The National Health Insurance (‘NHI’) Bill marks a new era in South African health care, impacting every South African. A recent ASI Financial Services in partnership with Business Day Dialogues focused on the NHI Bill.

Dr Nicholas Crisp, deputy director-general of NHI, believes the NHI is the urgently needed framework to deal with the current unwieldy, unproductive health care system in SA. The country’s health care system currently operates in two tiers, public and private and is unnecessarily expensive. Section 63 of the NHI Bill aims to remove all health functions from the nine provinces to one central digitised health care system while the private sector will be used to decongest public services. “Resources must be shared,” said Crisp. “It’s not either/or. It’s together.”

The first step is commitment, he said, followed by a long, hard consultative process to make it work.

Anthony Govender, chief visionary officer of ASI, agreed that collaboration between the government and the private health sector was vital if Brand SA was to succeed. A single fund, as envisaged in Section 33 of the Bill, would make commercial sense in the future, but however, a hybrid model would be best to start with, he said. “The government cannot alienate the private sector,” said Govender.

Businesses dislike change, Govender continued. They need clarity and will also need advice on the complexities of the Bill. “Start to look ahead,” he advised employers.

Collaboration and a multi-funded approach are vital, as is conviction about the future beneficial results, said Teshlin Akaloo, MD of NetcarePlus. More than half of taxpayers in SA subscribe to one of the 72 private medical aids schemes available and some level of choice needs to be retained. Netcare already offers a range of cost-effective solutions tailored to companies’ employees, centred on needs and cost, he revealed.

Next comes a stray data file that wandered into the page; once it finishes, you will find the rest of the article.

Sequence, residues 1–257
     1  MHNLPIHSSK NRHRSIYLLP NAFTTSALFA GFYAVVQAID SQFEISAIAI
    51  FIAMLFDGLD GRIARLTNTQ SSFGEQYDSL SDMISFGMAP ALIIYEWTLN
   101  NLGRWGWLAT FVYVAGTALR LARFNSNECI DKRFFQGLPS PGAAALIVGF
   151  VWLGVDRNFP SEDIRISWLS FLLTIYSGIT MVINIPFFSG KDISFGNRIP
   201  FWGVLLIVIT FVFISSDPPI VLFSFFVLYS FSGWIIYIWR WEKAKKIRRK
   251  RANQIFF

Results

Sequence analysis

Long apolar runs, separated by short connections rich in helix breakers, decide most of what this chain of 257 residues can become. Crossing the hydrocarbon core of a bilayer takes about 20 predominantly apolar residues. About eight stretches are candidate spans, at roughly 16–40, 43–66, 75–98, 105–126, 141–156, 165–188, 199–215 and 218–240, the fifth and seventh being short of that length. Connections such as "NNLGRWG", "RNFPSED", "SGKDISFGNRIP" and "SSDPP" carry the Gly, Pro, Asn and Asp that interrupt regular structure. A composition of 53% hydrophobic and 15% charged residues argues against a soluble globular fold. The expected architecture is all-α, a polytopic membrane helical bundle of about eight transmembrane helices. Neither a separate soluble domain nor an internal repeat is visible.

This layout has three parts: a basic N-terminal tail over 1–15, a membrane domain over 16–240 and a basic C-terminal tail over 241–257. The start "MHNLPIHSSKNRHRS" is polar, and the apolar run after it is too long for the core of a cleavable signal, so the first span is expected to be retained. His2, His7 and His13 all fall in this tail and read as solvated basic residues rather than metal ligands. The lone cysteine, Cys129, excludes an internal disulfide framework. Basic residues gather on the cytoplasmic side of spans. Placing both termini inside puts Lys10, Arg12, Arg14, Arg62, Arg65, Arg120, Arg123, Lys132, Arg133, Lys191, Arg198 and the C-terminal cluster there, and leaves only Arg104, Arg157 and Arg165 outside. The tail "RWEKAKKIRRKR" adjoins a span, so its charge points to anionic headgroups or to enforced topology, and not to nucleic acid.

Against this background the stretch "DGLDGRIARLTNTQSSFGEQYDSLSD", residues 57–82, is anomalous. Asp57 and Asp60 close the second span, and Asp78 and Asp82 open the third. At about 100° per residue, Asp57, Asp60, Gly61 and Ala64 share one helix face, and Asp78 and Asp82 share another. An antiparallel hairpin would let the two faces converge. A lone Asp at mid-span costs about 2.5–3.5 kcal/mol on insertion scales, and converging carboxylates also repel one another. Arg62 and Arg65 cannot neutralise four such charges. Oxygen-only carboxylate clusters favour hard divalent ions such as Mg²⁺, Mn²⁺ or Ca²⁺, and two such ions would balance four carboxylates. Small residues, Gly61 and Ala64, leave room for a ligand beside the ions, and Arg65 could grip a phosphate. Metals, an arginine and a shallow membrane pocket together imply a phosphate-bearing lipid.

To advance health equity, achieve better clinical results, and improve general health cost-effectively, collaboration is vital, said Dr Stan Moloabi, Principal Officer of the Government Employees Medical Scheme (‘GEMS’). The transitional period is a time of insecurity and complexity and goals need to be clear: “What is it you want to achieve?” He advocated simplicity.

“The NHI Bill is laudable in its intent and transformation is key,” said Prelisha Singh, partner from health care-sector lead, Webber Wentzel. Both public and private healthcare systems face deep challenges and need to change. She advocated for access to universal health care to made available through public-private collaboration instead, citing reservations about the constitutionality and lawfulness of the NHI Bill.

Once written into law, there will be a framework to work within, she continued, but it will be a slow process with challenges and litigation, and implementation will be staggered.

To watch the full recording of the ASI Financial Services in partnership with Business Day Dialogues event, please visit:

Image source: Arena Events